12/05/2014 1:51PM

Hovdey: Two noble horses but only one Eclipse winner


It seems as if everyone with a digital platform and a key to the quarter pole has weighed in by now on the subject of 2014 Horse of the Year. Clearly, there is nothing left to say.

That said, there is always room to burst a few lingering bubbles, starting with this:

There are many worthy candidates for Horse of the Year.

This is coming from the Main Sequence corner of the room, and he is a fine animal, quite worthy of unseating Wise Dan as male turf champion. But really, people, do we want to reward an injury-free season of only four starts with the ultimate honor?

For the first time in a long time there were two comprehensively talented 3-year-olds with enviable records and year-long campaigns. One of them will be division champion and the division champion will be Horse of the Year. That much is not complicated.

Bayern gets the edge because he won two of the three races in which both he and California Chrome competed.

Life is beautiful when rendered with such simplicity – as long as you’re discussing Sunday Silence and Easy Goer. Not certain the rule can be applied with the same confidence this time around.

In the Preakness Stakes, Bayern did a stumbling stutter-step at the start and was squeezed between horses, then had to shift lanes to avoid heels. He made a game mini-run around the final turn but was finished at the quarter pole. Rosie Napravnik hit him three times then wrapped up to finish a meaningless 21 lengths behind California Chrome.

In the Pennsylvania Derby, Bayern was coming off his meek surrender in the Travers (in which he broke straight as a string), while California Chrome was racing for the first time since the Belmont Stakes, having required time to recover from the sliced foot he suffered in New York. Once again Bayern broke perfectly and walked his beat to win by nearly six. California Chrome was in tight early but dead short late and geared down at the end, beaten an official 7 1/4 lengths.

In the Breeders’ Cup Classic, Bayern did his slide dance at the start, hugged the inside, and took them all the way around, while California Chrome kept to the outside without a straw in his path. They were less than a yard apart at the end.

Bayern should not be held responsible for the decision of the stewards to take no action regarding his erratic break. But to give him a clear edge in head-to-head competition a voter would have to be either dogmatically literal (2 is always greater than 1) or interpret the chaotic Classic as conclusive evidence one colt is superior to the other. I am guessing you could fit the latter group in a phone booth.

The Hollywood Derby was a weak Grade 1 race and therefore did little to help the case for California Chrome.

Anyone thumping this drum needs a refresher course in just how messed up the graded race system is, and how its application has been perverted through the years.

To review, a race is designated Grade 1 because of the quality of the fields that have populated that race in past runnings. The grade describes the history of the race, not the depth of the field assembled for the running about to happen. The quality of the current field will go toward determing whether or not the race retains its Grade 1 rating for future runnings. The winner will always be a Grade 1 race winner and all that implies, even if the race suffers a subsequent downgrading based in part on the version he won.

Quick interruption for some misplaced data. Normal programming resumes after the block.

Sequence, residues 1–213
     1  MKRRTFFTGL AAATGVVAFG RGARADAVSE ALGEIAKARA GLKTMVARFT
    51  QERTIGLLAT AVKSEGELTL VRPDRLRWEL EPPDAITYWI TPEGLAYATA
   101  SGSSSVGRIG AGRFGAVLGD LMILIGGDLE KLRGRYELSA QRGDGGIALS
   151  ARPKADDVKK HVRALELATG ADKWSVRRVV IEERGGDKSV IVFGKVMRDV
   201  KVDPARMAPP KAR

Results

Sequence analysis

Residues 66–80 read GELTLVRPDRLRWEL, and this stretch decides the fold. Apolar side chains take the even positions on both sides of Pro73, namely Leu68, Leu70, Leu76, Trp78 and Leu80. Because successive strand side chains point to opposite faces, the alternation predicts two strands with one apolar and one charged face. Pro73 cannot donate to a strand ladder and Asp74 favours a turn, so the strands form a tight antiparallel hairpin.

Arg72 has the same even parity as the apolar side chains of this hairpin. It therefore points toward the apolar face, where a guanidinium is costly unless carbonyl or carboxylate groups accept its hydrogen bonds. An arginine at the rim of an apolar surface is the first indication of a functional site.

I didn’t make the rules.

Anyway, let it be stipulated: both Bayern and California Chrome are Grade A, kick-ass colts.

Bayern won the Haskell, the Pennsylvania Derby, and the Breeders’ Cup Classic. He also won the Woody Stephens sprinting, finished first in the Derby Trial but was disqualified, and finished third in the Arkansas Derby.

Besides his close third in the Classic, California Chrome won the Kentucky Derby, the Preakness, the Santa Anita Derby, and the Hollywood Derby on grass. He also won the San Felipe and ended up in a dead-heat for fourth in the Belmont Stakes, his third race in five weeks.

Finally, should Bayern be penalized for being a virtual no-show in the Triple Crown? Or, from another angle, is California Chrome’s Derby-Preakness double enough to outweigh his Classic loss to Bayern?

Let’s check historic precedent.

The last 3-year-old to win two legs of the Triple Crown and be denied the division championship was Riva Ridge, during Nixon’s first term (there was no known connection).

Since then, the list of horses who won two jewels and the division championship includes Little Current, Bold Forbes, Spectacular Bid, Pleasant Colony, Swale, Alysheba, Risen Star, Hansel, Thunder Gulch, Silver Charm, Real Quiet, Charismatic, Point Given, War Emblem, Funny Cide, Smarty Jones, Afleet Alex, Big Brown, and I’ll Have Another.

In the 31 years of the Breeders’ Cup era, Tiznow, in 2000, has been the only 3-year-old voted division champion with a win in the Classic but without a Triple Crown win (he did not compete). The other 3-year-old Breeders’ Cup Classic winners without a Triple Crown scalp were Proud Truth, Concern, Cat Thief, and Raven’s Pass.

In the end, those who vote for California Chrome have history on their side, which never hurts. Those who vote otherwise have discovered exceptional circumstances that are not readily apparent to this reporter. As for leaving Bayern without an Eclipse, I’d like to think that a Breeders’ Cup Classic trophy along with $4,389,680 in earnings can be its own reward.